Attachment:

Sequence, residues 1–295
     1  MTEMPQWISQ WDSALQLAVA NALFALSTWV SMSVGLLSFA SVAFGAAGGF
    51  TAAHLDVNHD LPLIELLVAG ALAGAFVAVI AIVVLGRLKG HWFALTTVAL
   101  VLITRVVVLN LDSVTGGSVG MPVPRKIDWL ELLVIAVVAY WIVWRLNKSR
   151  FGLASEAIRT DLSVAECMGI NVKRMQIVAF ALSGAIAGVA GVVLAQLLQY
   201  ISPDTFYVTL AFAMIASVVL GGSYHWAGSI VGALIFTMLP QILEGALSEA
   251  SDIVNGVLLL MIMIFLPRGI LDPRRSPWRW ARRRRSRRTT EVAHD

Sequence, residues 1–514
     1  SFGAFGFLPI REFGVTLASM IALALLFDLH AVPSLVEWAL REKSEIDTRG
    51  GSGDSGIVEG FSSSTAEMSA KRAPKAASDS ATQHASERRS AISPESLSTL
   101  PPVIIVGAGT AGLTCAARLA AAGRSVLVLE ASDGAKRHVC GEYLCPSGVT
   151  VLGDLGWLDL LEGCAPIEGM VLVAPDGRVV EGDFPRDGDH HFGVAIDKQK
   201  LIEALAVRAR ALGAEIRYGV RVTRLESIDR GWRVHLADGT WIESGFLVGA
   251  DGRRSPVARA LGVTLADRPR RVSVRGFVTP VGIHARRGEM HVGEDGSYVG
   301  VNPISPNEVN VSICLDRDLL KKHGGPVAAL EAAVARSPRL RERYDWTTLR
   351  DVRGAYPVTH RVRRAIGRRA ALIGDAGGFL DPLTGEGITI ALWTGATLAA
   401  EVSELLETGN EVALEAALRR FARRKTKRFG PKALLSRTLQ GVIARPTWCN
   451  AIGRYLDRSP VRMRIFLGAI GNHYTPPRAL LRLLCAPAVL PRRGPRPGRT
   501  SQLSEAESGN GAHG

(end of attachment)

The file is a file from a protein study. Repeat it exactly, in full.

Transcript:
Sequence, residues 1–295
     1  MTEMPQWISQ WDSALQLAVA NALFALSTWV SMSVGLLSFA SVAFGAAGGF
    51  TAAHLDVNHD LPLIELLVAG ALAGAFVAVI AIVVLGRLKG HWFALTTVAL
   101  VLITRVVVLN LDSVTGGSVG MPVPRKIDWL ELLVIAVVAY WIVWRLNKSR
   151  FGLASEAIRT DLSVAECMGI NVKRMQIVAF ALSGAIAGVA GVVLAQLLQY
   201  ISPDTFYVTL AFAMIASVVL GGSYHWAGSI VGALIFTMLP QILEGALSEA
   251  SDIVNGVLLL MIMIFLPRGI LDPRRSPWRW ARRRRSRRTT EVAHD

Sequence, residues 1–514
     1  SFGAFGFLPI REFGVTLASM IALALLFDLH AVPSLVEWAL REKSEIDTRG
    51  GSGDSGIVEG FSSSTAEMSA KRAPKAASDS ATQHASERRS AISPESLSTL
   101  PPVIIVGAGT AGLTCAARLA AAGRSVLVLE ASDGAKRHVC GEYLCPSGVT
   151  VLGDLGWLDL LEGCAPIEGM VLVAPDGRVV EGDFPRDGDH HFGVAIDKQK
   201  LIEALAVRAR ALGAEIRYGV RVTRLESIDR GWRVHLADGT WIESGFLVGA
   251  DGRRSPVARA LGVTLADRPR RVSVRGFVTP VGIHARRGEM HVGEDGSYVG
   301  VNPISPNEVN VSICLDRDLL KKHGGPVAAL EAAVARSPRL RERYDWTTLR
   351  DVRGAYPVTH RVRRAIGRRA ALIGDAGGFL DPLTGEGITI ALWTGATLAA
   401  EVSELLETGN EVALEAALRR FARRKTKRFG PKALLSRTLQ GVIARPTWCN
   451  AIGRYLDRSP VRMRIFLGAI GNHYTPPRAL LRLLCAPAVL PRRGPRPGRT
   501  SQLSEAESGN GAHG